Study Says Roach, Rat Germs Protect Babies Against Asthma and Allergies

dirty kid
Science & Medicine

dirty kidCould being too clean be a bad thing? Research has indicated overuse of anti-bacterial agents and cleanliness in general could actually weaken our body’s defenses against germs, hindering our resistance against numerous ailments. So you would think to just limit use of antibacterial soaps or even play in the dirt a bit to solve this issue, but the latest study takes it a step further, identifying some of the most repulsive contaminants as having a positive impact on childhood health.

Researchers found children exposed to cockroach, cat, and mouse allergens in infancy were less likely to wheeze at age 3. Further, those exposed to Bacteriodes and Firmicutes were less likely to develop allergies and asthma. The children exposed to all of these germs had the best outcomes of all.

The findings published recently in the Journal of Allergy and Clinical Immunology aren’t completely clear, however, and lead to even bigger questions about germs and wellness.
“It adds a degree of precision to the broad concept of the hygiene hypothesis,” says Dr. Anthony Fauci, according to NPR. Fauci is the Director of the National Institute of Allergy and Infectious Diseases.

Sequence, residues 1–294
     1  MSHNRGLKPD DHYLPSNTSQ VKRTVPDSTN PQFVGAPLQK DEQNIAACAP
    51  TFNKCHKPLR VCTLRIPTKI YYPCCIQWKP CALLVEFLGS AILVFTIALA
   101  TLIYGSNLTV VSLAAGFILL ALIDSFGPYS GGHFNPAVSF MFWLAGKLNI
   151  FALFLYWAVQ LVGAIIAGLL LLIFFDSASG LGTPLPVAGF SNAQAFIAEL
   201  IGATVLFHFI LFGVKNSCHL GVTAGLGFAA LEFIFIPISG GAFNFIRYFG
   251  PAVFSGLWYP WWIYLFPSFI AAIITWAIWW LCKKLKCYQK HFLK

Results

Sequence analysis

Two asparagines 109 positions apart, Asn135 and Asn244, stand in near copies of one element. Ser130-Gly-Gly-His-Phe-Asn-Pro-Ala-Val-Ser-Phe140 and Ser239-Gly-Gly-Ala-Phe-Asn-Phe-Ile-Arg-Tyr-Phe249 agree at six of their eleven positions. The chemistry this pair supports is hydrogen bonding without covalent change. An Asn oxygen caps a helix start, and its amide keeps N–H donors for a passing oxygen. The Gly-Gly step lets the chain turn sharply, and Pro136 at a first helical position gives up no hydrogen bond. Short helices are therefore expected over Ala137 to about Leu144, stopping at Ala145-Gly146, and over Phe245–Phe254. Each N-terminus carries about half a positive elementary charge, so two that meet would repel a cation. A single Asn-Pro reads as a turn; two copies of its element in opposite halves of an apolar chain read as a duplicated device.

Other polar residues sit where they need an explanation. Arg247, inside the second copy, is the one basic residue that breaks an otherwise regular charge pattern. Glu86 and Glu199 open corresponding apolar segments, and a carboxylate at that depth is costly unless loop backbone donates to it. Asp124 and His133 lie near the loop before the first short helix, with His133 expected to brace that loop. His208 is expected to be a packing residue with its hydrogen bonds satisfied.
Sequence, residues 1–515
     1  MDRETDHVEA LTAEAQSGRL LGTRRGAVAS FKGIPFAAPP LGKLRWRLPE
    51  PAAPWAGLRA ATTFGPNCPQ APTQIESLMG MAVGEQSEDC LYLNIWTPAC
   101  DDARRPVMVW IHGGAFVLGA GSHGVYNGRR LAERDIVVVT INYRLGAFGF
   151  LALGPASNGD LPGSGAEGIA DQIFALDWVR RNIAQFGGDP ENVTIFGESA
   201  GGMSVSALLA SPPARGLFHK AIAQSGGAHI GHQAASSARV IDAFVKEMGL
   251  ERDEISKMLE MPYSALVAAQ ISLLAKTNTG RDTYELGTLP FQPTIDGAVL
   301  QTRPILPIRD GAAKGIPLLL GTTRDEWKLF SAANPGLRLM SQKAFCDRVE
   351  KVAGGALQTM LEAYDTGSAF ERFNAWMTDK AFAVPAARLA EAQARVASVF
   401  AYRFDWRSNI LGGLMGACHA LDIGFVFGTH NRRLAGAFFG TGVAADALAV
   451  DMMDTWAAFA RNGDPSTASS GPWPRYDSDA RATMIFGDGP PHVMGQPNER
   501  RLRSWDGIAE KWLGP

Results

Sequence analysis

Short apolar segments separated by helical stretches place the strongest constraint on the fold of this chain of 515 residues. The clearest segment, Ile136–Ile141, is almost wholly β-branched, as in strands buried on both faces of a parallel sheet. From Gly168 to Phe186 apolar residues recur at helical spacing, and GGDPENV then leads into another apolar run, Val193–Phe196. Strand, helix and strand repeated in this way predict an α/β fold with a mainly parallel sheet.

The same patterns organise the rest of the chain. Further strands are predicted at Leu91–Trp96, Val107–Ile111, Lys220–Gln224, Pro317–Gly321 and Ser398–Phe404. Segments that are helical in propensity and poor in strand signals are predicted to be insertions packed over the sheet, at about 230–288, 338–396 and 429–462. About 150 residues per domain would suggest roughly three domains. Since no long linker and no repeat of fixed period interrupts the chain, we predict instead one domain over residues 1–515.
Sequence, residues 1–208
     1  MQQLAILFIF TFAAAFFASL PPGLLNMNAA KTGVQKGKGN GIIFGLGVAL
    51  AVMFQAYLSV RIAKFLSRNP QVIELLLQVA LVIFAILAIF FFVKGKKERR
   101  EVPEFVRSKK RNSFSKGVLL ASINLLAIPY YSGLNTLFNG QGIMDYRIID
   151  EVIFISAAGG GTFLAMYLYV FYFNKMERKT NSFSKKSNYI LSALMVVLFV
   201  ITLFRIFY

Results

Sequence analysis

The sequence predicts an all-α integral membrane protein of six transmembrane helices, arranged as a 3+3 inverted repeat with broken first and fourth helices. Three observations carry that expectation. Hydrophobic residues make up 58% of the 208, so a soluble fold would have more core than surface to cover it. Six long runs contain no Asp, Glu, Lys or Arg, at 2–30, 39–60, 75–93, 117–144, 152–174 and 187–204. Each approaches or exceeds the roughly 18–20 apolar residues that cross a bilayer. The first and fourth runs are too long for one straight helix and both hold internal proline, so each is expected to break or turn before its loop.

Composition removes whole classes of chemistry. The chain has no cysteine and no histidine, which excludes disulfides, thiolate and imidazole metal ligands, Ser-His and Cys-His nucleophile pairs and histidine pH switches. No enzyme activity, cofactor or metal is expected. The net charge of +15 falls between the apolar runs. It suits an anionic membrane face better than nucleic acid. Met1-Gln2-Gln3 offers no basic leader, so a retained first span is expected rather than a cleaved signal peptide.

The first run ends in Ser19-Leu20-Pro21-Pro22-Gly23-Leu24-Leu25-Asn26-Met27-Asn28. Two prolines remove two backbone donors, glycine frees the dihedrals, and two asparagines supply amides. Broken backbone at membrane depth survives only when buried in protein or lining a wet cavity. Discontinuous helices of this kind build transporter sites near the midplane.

The hygiene hypothesis goes something like this: expose children to bacteria early in life and their body will be better equipped to fight dangerous germs and ignore harmless ones. The hypothesis suggests that a sterile environment could be disastrous for a strong immune system.

But if the hygiene hypothesis was true, inner city children exposed to more of these insect and rodent germs would be the healthiest of all, and that simply isn’t the case. On the contrary, inner city children typically have higher rates of allergies and asthma.

“We’ve talked for a number of years about how the inner city really does contradict the hygiene hypothesis,” says Dr. Robert Wood of Johns Hopkins Hospital and an author of the study. “There’s such a high rate of allergies and asthma in the inner city. The inner city must be a very dirty area where kids must be protected.”

The latest study turns this line of thinking on its head. If these germs have a protective quality, perhaps inner city homes are getting too clean, or there are other factors at play.
In the meantime, the researchers caution against inviting roaches and rodents into your home to bolster immune function, but say their findings require deeper study.